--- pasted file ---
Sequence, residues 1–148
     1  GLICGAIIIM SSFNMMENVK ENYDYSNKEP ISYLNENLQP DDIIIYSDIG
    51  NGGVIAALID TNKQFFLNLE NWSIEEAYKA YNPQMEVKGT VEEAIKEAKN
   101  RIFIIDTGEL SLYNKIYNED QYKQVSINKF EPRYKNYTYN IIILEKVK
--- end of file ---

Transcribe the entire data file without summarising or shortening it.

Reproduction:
Sequence, residues 1–148
     1  GLICGAIIIM SSFNMMENVK ENYDYSNKEP ISYLNENLQP DDIIIYSDIG
    51  NGGVIAALID TNKQFFLNLE NWSIEEAYKA YNPQMEVKGT VEEAIKEAKN
   101  RIFIIDTGEL SLYNKIYNED QYKQVSINKF EPRYKNYTYN IIILEKVK